Cindy Sheehan

I didn’t consider

When I chose your name

How it would look

On a tombstone

There was a very difficult and dark point in my life when I kept Charlotte Mayerson’s The Death Cycle Machine, about her son’s death from AIDS, next to my bed and read it, over and over, front to back and back to front.

In the book, Mayerson talks about irrational anger: at the friends who have their own ideas about her son and want to share in a grief she tries to hoard, at the medical professionals and well-meaning people who just Don’t Get It, at her son for dying slowly and in front of her.

I read her book, I think, to remind myself that there was something worse, some worse loss, than what I was going through. It was a useful exercise in perspective, and made me see how small and selfish my own pain was in the face of the roaring wave that crashed over her, over and over her.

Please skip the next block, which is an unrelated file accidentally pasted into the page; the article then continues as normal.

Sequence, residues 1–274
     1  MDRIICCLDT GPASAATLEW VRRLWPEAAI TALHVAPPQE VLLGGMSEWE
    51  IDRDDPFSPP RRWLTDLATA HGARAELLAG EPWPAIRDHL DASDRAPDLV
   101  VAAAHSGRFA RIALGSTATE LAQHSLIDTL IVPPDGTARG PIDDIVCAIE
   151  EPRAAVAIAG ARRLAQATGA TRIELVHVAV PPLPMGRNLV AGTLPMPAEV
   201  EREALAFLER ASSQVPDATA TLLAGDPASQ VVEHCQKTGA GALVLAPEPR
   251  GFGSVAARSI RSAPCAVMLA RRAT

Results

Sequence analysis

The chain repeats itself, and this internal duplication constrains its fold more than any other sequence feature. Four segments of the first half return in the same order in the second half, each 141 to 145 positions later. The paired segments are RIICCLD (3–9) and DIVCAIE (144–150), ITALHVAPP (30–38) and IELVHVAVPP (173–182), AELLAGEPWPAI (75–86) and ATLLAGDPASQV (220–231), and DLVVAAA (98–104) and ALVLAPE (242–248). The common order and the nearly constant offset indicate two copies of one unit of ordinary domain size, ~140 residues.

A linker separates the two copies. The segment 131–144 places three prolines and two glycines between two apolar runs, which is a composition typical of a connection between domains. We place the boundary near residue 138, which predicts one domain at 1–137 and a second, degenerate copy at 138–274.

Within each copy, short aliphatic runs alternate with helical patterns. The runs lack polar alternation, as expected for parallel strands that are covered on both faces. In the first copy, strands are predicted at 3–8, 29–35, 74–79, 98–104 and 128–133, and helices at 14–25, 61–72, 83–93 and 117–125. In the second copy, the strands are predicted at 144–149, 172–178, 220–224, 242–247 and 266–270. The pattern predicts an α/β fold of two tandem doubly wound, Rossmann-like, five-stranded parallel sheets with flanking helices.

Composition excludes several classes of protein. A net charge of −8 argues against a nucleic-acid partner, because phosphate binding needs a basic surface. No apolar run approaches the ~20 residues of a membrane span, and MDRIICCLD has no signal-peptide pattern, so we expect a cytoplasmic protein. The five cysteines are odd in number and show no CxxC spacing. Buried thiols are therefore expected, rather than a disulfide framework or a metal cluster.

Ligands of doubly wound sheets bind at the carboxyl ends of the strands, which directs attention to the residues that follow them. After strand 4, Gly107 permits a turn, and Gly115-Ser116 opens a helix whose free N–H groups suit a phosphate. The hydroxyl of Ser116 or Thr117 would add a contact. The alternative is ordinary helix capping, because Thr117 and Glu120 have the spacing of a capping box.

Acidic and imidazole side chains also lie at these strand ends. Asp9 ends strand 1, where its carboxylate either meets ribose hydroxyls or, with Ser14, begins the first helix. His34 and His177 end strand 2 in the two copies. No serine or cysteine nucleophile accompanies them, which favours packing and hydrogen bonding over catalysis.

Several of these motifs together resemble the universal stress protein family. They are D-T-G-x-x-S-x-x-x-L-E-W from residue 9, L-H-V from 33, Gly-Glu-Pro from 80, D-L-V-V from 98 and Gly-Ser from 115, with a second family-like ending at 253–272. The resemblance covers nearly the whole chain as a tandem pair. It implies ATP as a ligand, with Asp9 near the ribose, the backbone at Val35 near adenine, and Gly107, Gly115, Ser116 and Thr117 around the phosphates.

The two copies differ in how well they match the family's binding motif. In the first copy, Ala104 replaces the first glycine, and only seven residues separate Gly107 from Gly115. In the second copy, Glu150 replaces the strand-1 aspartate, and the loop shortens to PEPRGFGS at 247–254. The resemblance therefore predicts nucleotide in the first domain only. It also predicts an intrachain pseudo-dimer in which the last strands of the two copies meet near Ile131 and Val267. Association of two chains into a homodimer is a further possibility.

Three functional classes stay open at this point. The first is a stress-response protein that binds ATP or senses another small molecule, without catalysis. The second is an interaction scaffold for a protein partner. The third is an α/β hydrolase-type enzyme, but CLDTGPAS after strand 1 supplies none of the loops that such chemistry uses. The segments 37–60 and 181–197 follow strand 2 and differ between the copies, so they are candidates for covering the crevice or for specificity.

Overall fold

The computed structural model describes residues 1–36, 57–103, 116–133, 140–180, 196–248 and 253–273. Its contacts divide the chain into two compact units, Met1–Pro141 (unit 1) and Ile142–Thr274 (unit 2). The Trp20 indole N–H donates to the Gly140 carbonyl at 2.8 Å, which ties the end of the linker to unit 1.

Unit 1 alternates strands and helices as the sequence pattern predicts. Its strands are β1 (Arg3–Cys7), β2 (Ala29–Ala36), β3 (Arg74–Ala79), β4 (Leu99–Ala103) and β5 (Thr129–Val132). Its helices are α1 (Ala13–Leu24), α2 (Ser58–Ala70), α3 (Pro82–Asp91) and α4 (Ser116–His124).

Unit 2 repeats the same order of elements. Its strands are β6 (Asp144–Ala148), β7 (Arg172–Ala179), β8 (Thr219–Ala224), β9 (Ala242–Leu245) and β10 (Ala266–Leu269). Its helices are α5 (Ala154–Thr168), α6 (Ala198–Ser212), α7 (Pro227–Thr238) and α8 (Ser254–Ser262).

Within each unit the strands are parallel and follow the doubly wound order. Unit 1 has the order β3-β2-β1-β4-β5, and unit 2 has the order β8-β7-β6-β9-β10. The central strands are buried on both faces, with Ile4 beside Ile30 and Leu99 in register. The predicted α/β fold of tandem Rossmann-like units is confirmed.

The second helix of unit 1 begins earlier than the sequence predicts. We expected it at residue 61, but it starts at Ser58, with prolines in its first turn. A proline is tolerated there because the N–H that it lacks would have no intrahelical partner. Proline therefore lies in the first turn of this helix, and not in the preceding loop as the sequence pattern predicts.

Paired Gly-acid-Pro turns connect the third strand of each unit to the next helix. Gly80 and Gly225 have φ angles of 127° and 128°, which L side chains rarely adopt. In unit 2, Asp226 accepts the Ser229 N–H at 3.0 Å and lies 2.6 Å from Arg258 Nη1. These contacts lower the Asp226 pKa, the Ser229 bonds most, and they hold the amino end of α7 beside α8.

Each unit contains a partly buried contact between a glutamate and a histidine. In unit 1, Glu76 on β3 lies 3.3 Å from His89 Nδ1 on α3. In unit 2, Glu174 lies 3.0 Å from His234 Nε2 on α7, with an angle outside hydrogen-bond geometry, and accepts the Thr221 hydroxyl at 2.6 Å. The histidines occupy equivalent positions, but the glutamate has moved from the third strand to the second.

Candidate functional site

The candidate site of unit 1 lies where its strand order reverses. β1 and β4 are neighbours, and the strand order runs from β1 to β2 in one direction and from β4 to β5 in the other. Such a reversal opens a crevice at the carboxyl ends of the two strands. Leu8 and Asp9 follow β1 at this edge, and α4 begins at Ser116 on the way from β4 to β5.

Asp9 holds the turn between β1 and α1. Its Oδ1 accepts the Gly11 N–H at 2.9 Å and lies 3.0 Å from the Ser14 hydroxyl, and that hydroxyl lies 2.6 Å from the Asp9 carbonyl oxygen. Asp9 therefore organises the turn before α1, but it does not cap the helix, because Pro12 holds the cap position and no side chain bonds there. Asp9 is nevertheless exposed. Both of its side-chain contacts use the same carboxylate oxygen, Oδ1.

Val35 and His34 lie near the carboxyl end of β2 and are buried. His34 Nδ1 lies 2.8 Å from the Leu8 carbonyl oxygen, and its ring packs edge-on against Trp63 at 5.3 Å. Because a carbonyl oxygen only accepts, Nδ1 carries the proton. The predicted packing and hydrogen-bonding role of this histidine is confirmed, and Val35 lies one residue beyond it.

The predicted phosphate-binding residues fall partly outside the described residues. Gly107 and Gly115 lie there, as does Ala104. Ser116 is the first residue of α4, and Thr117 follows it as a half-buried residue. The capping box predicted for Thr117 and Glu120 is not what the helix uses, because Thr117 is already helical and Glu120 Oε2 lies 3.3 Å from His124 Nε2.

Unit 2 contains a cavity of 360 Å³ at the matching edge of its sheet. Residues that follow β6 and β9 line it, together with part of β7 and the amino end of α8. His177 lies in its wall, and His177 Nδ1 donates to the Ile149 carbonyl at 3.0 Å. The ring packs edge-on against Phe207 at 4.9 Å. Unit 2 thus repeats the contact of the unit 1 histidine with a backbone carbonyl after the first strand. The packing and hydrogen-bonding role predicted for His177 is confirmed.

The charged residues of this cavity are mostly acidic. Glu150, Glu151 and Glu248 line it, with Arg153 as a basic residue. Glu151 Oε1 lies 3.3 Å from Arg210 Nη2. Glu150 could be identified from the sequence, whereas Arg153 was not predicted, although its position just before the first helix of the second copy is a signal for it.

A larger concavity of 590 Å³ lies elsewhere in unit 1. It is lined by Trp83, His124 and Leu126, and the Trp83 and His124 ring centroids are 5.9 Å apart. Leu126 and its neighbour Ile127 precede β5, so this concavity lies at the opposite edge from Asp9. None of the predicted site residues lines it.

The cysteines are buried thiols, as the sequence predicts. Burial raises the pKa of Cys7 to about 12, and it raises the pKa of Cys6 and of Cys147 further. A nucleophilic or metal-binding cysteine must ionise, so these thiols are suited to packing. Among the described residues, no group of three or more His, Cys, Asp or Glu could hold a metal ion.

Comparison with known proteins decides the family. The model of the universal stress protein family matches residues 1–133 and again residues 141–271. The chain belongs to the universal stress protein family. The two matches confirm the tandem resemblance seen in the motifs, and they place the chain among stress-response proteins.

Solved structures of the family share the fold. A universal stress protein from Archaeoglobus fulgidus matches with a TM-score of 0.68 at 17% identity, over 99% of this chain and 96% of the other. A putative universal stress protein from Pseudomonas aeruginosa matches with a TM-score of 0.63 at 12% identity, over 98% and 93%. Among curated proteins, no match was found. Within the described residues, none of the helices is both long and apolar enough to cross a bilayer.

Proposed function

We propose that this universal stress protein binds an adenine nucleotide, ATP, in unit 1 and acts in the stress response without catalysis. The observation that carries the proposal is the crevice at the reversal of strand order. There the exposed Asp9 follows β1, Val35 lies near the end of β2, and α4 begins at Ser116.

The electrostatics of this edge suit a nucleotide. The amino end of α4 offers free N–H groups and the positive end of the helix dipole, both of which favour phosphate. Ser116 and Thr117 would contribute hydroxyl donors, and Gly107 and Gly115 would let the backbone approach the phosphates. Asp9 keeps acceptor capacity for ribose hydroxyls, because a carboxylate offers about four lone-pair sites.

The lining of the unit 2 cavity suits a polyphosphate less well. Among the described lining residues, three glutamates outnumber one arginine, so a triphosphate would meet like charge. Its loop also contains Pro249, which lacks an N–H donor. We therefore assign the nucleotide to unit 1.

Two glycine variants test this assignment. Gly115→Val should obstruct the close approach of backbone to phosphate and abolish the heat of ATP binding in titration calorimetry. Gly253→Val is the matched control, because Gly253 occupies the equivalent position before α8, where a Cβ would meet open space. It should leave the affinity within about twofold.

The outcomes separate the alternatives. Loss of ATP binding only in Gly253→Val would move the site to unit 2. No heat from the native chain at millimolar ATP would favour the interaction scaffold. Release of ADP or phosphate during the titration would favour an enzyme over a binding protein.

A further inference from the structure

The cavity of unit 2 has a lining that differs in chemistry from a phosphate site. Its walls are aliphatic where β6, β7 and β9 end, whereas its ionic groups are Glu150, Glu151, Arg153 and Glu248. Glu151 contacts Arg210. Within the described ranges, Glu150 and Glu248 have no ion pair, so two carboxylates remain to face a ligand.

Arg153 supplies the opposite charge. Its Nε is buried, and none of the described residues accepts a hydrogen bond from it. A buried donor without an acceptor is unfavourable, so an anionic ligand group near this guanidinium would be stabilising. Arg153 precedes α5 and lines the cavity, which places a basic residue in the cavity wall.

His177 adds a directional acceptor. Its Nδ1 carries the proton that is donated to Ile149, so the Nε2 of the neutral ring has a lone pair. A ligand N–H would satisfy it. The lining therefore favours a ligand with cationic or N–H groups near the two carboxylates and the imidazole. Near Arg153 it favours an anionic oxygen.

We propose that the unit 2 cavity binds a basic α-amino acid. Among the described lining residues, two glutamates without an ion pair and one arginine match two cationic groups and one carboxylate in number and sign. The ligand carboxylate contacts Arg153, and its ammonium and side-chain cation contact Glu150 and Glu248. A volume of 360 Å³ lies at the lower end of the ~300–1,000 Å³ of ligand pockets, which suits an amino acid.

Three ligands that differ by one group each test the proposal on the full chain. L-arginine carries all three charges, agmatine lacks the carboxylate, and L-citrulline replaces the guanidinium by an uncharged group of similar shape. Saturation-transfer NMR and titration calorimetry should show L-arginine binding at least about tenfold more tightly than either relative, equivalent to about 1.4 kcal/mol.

We have a tendency to do vicious arithmetic in the face of death, to say so-and-so was closest to the deceased and as such has a right to feel worst and everybody else has to be strong for that person. I can remember with a rush of white-hot loathing the officious women (nearly strangers to me) who came up to me at my grandfather’s funeral and told me to take care of my mother, because they (all smarm and knowing) assumed I needed no taking care of, nor knew how to do it, and as if they (friends of my mothers who hadn’t spoken to me since I was three) had a right to tell me how to prioritize the tasks in front of me that day. Just because there’s a casket and a funeral doesn’t mean we stop judging one another.

So it’s with not a lot of surprise that I see in the wingersphere the way Cindy Sheehan is being told who she may talk to and what she may do, what is “appropriate” for her grief and her anger, how much of it others think she should have a right to express and in what way. And to them I’d offer back Charlotte Mayerson, who wrote of the strangest things that comforted and enraged her, and reminded me that I knew nothing about the way such horrors actually happened to you.

I didn’t teach you to ride

A two-wheeled bike

That summer

So you could die.

A.